As a Korean-American foodie who resides in West Oakland, I’m lucky that there’s a slew of fine eateries not too far from our home all along Telegraph Avenue in Temescal.
Denise Santoro Lincoln
I am a writer, editor, mother of twins, and enthusiastic home cook. I was raised by an Italian-American mother who, in the 1970s, grew her own basil (because she couldn’t find any in the local grocery stores), zucchini (for those delicious flowers), and tomatoes (because the ones in the store tasted like “a potato”). My mom taught us to love all kinds of food and revere high-quality ingredients. I am now trying to follow in my mother’s footsteps and am on a mission to help my daughters become adventurous eaters who have a healthy respect for seasonal food raised locally. My daughters and I grow vegetables and go to the farmers’ market. We also love to shop at Piedmont Grocery and Trader Joe’s. When I’m not hanging out with my daughters or cooking, I like to contribute to cookbooks (including Williams-Sonoma’s Food Made Fast and Foods of the World series), work as an editor, and write about food for Bay Area Bites and Denise's Kitchen. My food inspirations are M.F.K Fisher, Julia Child, and Alice Waters — three fabulous women who encompass everything I love about food.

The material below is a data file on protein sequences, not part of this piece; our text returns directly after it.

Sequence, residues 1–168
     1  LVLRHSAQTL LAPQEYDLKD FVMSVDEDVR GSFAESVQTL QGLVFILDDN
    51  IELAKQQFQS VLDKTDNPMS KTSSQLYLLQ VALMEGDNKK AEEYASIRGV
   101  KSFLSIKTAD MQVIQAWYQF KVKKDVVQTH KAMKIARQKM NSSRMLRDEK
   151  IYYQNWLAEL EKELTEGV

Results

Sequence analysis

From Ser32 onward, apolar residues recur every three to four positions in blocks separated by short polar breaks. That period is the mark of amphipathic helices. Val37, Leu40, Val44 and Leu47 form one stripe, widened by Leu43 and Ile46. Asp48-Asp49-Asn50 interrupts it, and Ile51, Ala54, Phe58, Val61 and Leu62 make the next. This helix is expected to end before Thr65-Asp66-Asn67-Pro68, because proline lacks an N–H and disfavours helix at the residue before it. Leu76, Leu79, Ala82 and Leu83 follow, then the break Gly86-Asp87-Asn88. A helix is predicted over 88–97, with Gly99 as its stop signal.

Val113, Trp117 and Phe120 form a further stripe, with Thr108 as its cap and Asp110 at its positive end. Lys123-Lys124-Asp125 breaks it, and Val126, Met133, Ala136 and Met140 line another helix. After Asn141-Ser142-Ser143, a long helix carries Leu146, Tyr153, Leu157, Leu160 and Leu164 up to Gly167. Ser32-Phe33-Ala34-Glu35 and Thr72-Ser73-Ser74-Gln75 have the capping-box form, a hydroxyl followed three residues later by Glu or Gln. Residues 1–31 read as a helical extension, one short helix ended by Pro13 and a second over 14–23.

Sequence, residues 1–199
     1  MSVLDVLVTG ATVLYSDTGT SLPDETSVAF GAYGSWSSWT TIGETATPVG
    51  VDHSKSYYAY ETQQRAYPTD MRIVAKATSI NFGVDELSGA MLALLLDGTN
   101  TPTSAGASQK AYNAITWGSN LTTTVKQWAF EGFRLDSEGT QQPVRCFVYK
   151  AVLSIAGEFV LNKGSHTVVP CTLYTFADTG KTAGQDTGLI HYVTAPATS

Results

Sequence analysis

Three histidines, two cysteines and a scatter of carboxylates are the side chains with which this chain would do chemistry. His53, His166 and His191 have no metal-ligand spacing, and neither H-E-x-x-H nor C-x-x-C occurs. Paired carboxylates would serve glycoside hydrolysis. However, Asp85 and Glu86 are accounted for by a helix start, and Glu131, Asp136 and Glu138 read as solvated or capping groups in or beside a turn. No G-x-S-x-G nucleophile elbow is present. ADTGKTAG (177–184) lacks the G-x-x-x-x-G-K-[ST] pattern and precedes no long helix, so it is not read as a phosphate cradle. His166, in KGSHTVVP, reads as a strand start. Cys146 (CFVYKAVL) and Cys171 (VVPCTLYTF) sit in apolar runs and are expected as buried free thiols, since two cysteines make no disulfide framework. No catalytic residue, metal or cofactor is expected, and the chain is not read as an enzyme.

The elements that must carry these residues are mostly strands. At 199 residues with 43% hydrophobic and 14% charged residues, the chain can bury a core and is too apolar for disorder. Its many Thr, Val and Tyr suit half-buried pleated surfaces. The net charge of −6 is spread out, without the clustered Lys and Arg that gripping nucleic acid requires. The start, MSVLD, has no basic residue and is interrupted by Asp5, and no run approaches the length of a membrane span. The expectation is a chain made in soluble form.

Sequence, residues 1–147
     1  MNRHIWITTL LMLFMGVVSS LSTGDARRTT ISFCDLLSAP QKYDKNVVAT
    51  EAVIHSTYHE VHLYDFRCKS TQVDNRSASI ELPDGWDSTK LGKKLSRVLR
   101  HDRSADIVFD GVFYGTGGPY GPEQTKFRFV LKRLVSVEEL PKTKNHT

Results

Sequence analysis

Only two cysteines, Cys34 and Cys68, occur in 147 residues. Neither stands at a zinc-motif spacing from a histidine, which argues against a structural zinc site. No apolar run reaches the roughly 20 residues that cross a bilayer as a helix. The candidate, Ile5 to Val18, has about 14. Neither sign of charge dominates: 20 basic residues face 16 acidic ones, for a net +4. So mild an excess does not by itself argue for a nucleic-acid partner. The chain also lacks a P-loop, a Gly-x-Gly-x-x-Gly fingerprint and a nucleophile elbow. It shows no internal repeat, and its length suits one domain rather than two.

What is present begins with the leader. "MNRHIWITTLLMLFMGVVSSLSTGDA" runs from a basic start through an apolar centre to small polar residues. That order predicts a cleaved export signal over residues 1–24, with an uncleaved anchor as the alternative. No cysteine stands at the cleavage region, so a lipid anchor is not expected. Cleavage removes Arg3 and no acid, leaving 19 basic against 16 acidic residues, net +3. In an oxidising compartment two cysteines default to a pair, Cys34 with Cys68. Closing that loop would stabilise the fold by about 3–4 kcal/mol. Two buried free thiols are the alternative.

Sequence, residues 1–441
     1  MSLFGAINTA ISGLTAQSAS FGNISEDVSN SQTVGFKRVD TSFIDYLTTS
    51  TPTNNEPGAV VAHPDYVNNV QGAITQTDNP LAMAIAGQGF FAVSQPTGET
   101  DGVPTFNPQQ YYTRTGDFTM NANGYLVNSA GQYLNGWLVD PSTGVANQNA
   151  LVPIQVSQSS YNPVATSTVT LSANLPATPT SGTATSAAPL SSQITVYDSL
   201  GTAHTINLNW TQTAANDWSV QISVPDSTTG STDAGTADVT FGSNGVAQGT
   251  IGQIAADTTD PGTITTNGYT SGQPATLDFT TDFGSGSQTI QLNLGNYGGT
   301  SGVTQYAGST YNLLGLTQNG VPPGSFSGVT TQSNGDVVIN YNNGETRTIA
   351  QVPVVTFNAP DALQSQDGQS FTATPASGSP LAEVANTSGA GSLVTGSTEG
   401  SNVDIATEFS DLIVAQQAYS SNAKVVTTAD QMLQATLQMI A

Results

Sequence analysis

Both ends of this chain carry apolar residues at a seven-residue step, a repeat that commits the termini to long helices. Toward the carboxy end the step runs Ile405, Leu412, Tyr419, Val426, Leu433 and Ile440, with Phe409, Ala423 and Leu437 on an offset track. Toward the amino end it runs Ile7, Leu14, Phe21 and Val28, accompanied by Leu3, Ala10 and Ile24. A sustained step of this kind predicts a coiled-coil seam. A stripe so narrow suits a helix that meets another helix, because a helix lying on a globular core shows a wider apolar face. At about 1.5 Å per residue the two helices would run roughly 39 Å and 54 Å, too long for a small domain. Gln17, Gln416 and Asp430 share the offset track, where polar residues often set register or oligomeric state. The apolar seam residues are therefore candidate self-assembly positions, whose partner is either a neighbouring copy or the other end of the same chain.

Denise Santoro Lincoln's Latest Posts
In Ms. Basitanich’s new book “Lidia’s Italy in America,” which she wrote with her daughter Tanya Bastianich Manuali, the focus is on the unique ways Italian American immigrants interpreted dishes from their homeland throughout the United States. Watch “Lidia Celebrates America — Holiday Tables & Traditions” on KQED TV.
The more I think about it, the more I find that my relationship with summer fruit is sort of like a romance. You start off all hot and bothered by the unique amazing characteristics that make you fall in love, and end up taking the object of your devotion for granted later when life returns to normal. But that doesn’t mean that my time romancing summer fruit is over, because baking brings out a whole new sense of wonder.